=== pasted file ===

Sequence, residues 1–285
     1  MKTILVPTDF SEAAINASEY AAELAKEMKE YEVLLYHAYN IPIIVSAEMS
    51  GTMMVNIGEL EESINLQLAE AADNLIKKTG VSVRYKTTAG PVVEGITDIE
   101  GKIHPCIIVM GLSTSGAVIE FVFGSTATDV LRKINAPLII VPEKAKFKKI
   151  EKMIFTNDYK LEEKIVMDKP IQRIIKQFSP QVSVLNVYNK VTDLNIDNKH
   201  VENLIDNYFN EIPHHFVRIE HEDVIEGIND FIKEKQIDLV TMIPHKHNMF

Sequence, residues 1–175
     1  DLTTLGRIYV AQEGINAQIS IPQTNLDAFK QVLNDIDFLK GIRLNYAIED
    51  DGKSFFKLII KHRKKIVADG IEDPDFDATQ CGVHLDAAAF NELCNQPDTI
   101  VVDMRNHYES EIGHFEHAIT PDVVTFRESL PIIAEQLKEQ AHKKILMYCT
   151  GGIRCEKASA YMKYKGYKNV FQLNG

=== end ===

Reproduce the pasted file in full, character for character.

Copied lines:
Sequence, residues 1–285
     1  MKTILVPTDF SEAAINASEY AAELAKEMKE YEVLLYHAYN IPIIVSAEMS
    51  GTMMVNIGEL EESINLQLAE AADNLIKKTG VSVRYKTTAG PVVEGITDIE
   101  GKIHPCIIVM GLSTSGAVIE FVFGSTATDV LRKINAPLII VPEKAKFKKI
   151  EKMIFTNDYK LEEKIVMDKP IQRIIKQFSP QVSVLNVYNK VTDLNIDNKH
   201  VENLIDNYFN EIPHHFVRIE HEDVIEGIND FIKEKQIDLV TMIPHKHNMF

Sequence, residues 1–175
     1  DLTTLGRIYV AQEGINAQIS IPQTNLDAFK QVLNDIDFLK GIRLNYAIED
    51  DGKSFFKLII KHRKKIVADG IEDPDFDATQ CGVHLDAAAF NELCNQPDTI
   101  VVDMRNHYES EIGHFEHAIT PDVVTFRESL PIIAEQLKEQ AHKKILMYCT
   151  GGIRCEKASA YMKYKGYKNV FQLNG